Tupac Shakur and the death of gangsta rap;

Copyright 1996 Globe Newspaper Company
The Boston Globe

September 13, 1996, Friday, City Edition

SECTION: LIVING; Pg. D17

LENGTH: 1055 words

HEADLINE: Tupac Shakur and the death of gangsta rap;
As the music loses its taste for violence, a star falls victim to it;
MUSIC

BYLINE: By Michael Saunders, Globe Staff

BODY:
In gangsta rap, words mean little – even if they’re permanent – because in the street version of “rock, paper, scissors,” bullets beat words every time. Tupac Shakur will certainly learn this lesson, if he lives. A perforated chest and lost lung are far more representative of Shakur’s fascination with the “Thug Life” than those two words, splayed across his belly in a tattoo that has become self-fulfilling prophecy for this self-professed outlaw.

It’s likely that there’s very little swagger left in Tupac Shakur, currently in the intensive care unit of Las Vegas’ University Medical Center. After taking four bullets in the chest last Sunday morning, the rapper, who records as 2Pac, remains in critical condition. Shakur’s last album, “All Eyez on Me,” has sold at least 5 million copies, but in his case, his words – songs about stylish lives spent eluding the law – returned not to merely haunt him, but to hurt him. As uncertain as Shakur’s prognosis is what effect the shooting will have on hard-core rap. It comes at a time when the genre was undergoing a perceptible shift away from the no-holds-barred violence and misogyny that held sway the last five years. Dr. Dre, one of the style’s biggest personalities, announced during last week’s MTV Music Video Awards that, at least as far as he was concerned, “gangsta rap is dead.” It was an eyebrow-raising statement from someone who has made millions combining bass-heavy rhythms and verbal stories of gang mayhem. It was as if McDonald’s suddenly announced it was switching to tofu burgers and yogurt shakes.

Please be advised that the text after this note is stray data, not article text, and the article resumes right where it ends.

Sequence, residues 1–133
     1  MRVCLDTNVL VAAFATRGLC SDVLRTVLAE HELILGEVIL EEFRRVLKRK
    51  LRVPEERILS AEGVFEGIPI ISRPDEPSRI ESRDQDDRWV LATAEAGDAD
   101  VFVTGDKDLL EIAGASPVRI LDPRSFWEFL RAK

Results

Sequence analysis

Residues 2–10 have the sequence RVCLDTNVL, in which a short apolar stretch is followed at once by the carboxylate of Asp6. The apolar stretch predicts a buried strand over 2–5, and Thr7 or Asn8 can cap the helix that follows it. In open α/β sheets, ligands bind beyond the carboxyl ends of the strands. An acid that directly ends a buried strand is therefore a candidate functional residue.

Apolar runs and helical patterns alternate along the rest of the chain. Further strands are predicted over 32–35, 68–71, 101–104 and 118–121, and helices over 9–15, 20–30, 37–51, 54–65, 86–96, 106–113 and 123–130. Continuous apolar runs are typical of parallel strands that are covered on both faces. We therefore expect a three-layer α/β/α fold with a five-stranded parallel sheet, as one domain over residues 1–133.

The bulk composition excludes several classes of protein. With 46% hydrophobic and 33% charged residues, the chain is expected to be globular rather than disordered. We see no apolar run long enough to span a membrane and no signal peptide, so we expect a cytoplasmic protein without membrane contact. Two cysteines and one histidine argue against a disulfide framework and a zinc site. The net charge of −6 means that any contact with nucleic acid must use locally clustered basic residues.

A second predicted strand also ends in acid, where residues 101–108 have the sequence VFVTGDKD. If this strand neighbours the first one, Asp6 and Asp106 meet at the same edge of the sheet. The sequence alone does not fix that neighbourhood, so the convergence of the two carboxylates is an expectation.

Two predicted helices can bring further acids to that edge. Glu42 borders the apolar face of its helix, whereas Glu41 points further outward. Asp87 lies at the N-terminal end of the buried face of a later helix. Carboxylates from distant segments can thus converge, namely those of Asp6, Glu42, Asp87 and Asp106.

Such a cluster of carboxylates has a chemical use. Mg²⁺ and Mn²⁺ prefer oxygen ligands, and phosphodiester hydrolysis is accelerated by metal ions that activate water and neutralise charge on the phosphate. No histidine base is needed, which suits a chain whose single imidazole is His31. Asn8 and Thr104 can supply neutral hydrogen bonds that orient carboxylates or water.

Perhaps better than anyone else in the business, Dr. Dre knows how to forecast the commercial climate. A decade ago, he made millions by switching stage personas the way a hermit crab changes shells. In his earliest incarnation, he was a lover, not a fighter, and looked the part – adorned with eyeliner and a mane of Jheri curls in his role as a Casanova from Compton.

But he understood the fickle nature of pop music and made a 180-degree turn to adopt the mess-with-this-and-you’re-dead look of his next group, N.W.A. The group sold millions of records by blending realistic, bullet-riddled stories and a brand of black nationalism. It worked especially well among white audiences, who now make up more than half of all buyers of hip-hop records. But the old guard is mostly gone. Dre’s N.W.A. bandmate Ice Cube has faded from sight after several solo albums, and Ice T’s last album, “Return of the Real” was DOA when it reached store shelves. More than most businesses, pop thrives on eventual dissatisfaction among its customers. That’s likely why Bone Thugs-N-Harmony, appearing tomorrow night at the Worcester Centrum, was so successful with its stop-the-killing ballad, “Tha Crossroads.”

Nas, whose latest album spent more than a month at the top of the Billboard charts, only flirts with the outlaw image. The commercial viability of socially conscious groups such as the Fugees and Tribe Called Quest may help push hip-hop away from its hardcore side.